Naturally, it’s not that simple any more. The more stuff you plug into the chain of things between your question and the answer you’re looking for on a computer, the more complex that simplicity has become. I laugh just as hard as you do (or not) at the promise we made to unsuspecting non-techies that computers were going to make our lives easier. I laugh every time one of the cats walks across my husband’s laptop and hits the little setting that disconnects him from the network. I laugh when he roars and whines that his computer is broken. I laugh when I walk into his office and reach forward with one finger, like a magic wand, to press the one little button that solves his problem while he glares at me in disgust and disbelief. Magicians aren’t always appreciated, Mr. Jobs. I’ll bet you learned that too. Maybe we shouldn’t laugh when we do these things. But sometimes it’s funny.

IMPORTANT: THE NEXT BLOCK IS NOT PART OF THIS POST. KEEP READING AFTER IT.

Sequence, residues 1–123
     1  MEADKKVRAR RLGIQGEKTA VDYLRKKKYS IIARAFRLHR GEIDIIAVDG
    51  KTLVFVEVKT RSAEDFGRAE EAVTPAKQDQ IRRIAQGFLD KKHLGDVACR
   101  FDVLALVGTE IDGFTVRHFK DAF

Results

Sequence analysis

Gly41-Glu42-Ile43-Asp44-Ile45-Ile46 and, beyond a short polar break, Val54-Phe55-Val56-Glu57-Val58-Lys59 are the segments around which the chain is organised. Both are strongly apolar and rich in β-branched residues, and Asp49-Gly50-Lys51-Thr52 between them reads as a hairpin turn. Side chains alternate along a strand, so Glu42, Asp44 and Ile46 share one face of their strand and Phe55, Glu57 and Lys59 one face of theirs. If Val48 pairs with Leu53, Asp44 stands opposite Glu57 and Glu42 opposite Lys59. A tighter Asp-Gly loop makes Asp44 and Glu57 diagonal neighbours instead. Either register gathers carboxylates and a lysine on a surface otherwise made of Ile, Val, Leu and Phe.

(c) Copyright 2011 Marcia McCord
“See that little blue light-y thingee?” I ask in my best Goon-techno-speak. He’s a people person, not a computer person. “You’re gonna wanna make sure that stays blue and if it doesn’t, just touch it with your finger.” This bit of wizardry repeats itself because it is repeatedly lost. I find he doesn’t hear as well when he’s at his wits’ end. I’m pretty sure I have the same trait so I don’t actually mind.